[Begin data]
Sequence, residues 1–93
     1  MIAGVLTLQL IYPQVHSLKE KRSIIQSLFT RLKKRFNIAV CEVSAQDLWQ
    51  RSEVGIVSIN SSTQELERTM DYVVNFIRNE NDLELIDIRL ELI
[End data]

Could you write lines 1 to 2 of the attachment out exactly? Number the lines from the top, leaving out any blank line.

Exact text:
Sequence, residues 1–93
     1  MIAGVLTLQL IYPQVHSLKE KRSIIQSLFT RLKKRFNIAV CEVSAQDLWQ